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I’m pretty sure a dress like this would have been worn over a petticoat that was visible from the front of the gown. But I didn’t have a petticoat that was pretty enough (or high waisted enough) for that to work. So I chose to add a front panel.

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The front panel is made from a rectangle of a sheer curtain from ikea (which is roughly fifty inches wide) and a rectangle of muslin (forty-ish inches wide) that are sewn together with french seams. The back portion will be gathered and sewn in place but the centermost thirty inches of the curtain fabric gather down with a draw string.

On the top edge I marked the center point. Then I put two pins fifteen inches away from the center point in either direction.

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Ribbon is sewn over the 15″ marks, then tucked into a channel (which was actually the hem of the curtains). The ribbons poke out at the center point and can be pulled and tied to gather the material down.

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After doing this I hemmed the skirt – I ended up hemming this again because it was an inch two long.

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The portions of the top edge that don’t have a drawstring were gathered down by machine.

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Then it was sewn into the waist of the skirt. As you can see the muslin panel is at the back of the skirt – it adds width to the hem of the front panel which makes it hang nicely, but isn’t visible when the dress is worn.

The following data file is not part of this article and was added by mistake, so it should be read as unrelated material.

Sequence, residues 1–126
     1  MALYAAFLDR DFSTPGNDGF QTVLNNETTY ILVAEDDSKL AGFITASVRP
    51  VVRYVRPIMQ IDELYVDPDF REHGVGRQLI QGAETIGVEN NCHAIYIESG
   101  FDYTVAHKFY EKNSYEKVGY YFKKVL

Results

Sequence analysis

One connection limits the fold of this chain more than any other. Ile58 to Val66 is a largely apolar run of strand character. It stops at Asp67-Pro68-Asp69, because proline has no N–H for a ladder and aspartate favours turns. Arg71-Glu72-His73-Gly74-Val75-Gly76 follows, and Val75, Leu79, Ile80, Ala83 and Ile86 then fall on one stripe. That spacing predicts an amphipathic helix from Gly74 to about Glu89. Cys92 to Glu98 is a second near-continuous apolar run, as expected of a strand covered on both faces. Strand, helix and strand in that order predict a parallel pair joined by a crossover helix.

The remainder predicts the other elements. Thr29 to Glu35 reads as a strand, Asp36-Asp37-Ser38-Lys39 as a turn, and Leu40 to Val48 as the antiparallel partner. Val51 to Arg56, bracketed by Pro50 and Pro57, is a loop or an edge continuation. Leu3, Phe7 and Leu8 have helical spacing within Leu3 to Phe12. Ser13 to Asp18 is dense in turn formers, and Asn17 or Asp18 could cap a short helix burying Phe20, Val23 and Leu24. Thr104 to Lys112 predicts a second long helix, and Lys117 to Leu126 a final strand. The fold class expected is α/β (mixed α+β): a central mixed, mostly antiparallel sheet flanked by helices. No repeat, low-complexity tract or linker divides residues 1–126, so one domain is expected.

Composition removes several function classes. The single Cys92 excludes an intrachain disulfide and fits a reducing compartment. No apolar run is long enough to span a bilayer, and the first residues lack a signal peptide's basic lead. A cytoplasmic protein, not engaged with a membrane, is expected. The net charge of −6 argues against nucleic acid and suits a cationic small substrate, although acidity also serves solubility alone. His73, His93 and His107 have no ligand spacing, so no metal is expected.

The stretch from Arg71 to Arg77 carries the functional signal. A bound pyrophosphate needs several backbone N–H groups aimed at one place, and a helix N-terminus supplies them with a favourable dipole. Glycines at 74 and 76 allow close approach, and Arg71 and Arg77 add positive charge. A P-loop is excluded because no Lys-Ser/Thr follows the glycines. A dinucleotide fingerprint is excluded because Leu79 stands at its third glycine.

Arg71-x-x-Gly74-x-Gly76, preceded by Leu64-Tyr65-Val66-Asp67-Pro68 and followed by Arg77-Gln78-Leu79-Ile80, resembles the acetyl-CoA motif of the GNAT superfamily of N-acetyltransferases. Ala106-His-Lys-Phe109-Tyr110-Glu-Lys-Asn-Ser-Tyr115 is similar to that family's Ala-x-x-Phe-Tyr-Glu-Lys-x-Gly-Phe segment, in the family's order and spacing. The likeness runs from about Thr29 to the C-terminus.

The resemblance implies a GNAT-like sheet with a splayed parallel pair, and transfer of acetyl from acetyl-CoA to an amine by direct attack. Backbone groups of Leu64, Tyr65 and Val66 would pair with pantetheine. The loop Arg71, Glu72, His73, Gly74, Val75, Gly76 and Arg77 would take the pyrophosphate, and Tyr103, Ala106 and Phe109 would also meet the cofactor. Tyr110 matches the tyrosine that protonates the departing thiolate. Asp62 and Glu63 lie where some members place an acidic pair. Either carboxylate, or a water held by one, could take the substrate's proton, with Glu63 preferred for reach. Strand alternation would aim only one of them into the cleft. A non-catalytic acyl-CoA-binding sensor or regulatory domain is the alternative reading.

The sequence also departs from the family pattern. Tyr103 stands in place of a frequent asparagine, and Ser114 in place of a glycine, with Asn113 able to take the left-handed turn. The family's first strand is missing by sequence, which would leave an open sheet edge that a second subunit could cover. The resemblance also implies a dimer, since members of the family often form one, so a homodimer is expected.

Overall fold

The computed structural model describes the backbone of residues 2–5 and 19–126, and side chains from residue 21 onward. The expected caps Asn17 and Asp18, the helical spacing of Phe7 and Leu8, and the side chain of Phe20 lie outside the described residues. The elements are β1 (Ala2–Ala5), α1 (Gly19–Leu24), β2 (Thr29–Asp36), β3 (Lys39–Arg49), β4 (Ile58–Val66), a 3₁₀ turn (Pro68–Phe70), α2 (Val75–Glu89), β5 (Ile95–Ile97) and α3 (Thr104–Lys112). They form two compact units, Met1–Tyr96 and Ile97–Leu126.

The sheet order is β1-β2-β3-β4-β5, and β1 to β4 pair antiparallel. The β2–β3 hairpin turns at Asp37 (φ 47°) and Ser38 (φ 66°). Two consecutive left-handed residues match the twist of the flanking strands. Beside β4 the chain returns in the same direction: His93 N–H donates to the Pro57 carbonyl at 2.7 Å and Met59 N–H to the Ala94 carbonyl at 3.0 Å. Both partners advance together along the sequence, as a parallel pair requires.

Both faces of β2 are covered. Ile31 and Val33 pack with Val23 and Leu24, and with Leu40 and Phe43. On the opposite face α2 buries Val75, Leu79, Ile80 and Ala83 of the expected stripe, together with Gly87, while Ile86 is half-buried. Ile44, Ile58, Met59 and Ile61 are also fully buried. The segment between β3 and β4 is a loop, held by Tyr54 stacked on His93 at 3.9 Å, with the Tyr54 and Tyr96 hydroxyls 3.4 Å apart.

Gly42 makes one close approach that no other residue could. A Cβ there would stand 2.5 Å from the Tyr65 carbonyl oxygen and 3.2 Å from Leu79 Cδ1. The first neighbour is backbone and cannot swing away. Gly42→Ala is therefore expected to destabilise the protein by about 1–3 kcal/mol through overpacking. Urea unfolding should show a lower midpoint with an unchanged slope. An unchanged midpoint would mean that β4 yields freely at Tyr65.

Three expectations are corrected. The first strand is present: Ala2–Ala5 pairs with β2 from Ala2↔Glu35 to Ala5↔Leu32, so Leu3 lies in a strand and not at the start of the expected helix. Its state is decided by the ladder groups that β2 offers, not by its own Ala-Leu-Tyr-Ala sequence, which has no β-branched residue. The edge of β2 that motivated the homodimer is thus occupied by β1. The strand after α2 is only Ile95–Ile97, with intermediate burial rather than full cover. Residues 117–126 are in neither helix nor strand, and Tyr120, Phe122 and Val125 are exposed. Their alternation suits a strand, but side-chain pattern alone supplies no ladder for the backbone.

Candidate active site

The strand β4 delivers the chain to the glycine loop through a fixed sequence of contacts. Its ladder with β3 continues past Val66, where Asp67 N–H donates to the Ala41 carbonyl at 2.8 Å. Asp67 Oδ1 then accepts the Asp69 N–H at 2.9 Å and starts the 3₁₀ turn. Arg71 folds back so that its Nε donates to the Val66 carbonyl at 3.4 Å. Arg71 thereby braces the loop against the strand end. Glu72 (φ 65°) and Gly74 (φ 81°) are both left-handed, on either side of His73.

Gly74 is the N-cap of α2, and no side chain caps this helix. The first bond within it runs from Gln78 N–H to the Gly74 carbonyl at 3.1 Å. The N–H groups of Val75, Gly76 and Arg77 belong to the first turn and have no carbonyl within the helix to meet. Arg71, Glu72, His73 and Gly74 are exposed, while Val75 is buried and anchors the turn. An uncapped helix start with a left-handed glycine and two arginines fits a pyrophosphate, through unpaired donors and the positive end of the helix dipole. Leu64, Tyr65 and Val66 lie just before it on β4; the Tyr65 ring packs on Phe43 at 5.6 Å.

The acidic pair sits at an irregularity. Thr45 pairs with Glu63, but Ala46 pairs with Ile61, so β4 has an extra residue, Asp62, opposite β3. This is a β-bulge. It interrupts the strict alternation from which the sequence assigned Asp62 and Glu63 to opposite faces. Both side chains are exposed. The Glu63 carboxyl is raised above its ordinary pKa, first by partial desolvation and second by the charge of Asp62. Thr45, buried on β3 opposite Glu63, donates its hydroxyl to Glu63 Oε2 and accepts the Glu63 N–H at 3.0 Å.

I’d planned on posting photos of the process of getting into this dress since it looks a big confusing, but it’s actually really easy! The dress can be stepped into, then arms go into the sleeves and the drawstring on the skirt is pulled until it’s tight it sits above the waistline. The “lining” of the bodice hooks together overtop of the skirt and keeps in place. Then the snaps/hooks on the bodice are done up and that’s it!

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The headpiece for this costume was really easy. I’m not a huge fan of the popular turban headdresses from the 1790s (though I plan on making one for a different project) so I decided to make a hat instead. My usual methods of interfacing and wire seemed to heavy for such a summery dress, so I bought a cheap straw hat from Michaels.

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I made a TON of alterations to it (I filmed a tutorial of the process, which can be watched here if you’re interested) like lowering the sides, narrowing the brim, and reshaping the crown to make it more appropriate for an 18th century costume.

I also lined the hat with a scrap of the ikea curtains and trimmed it with a ribbon and bow made from leftovers of the yellow fabric. The final touch was a feather and some flowers. It isn’t perfectly accurate, but for less than ten bucks of materials and an hour of time i’m pretty pleased with it!

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Here is the finished ensemble. Though I don’t love how this dress looks from the front (my frustrations with the volume placement mentioned in the post about making the bodice still stand) I like the silhouette from the side a lot. And the color scheme makes me happy – I don’t usually make light or summery dresses, so it’s a nice change.

It’s paired with a cheap blonde wig and a long strand of pearls from Kohl’s. Last minute I decided to stick a petticoat underneath it the dress – just a small quilted petticoat that has an eighty inch circumference and pleated waist, which added a lot to the shape of the dress.

And that’s it! More photos of it finished will follow this post later today.

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Thanks for reading!

 

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Making a “Simple” Yellow Striped 1790’s Round Robe

I’m not sure how interesting this post will be – I took a lot of photos of the process, and have a lot to say about making this, but the garment itself is kind of boring. But it’s my most recent project, and i’m in the mood to write about it, so here we go!

Last week I decided to start on something new. I had just finished a few projects and wanted to make something simple before starting on the complicated projects I have planned (like the 18th century gown mentioned in this post, and an 1880s bustle dress).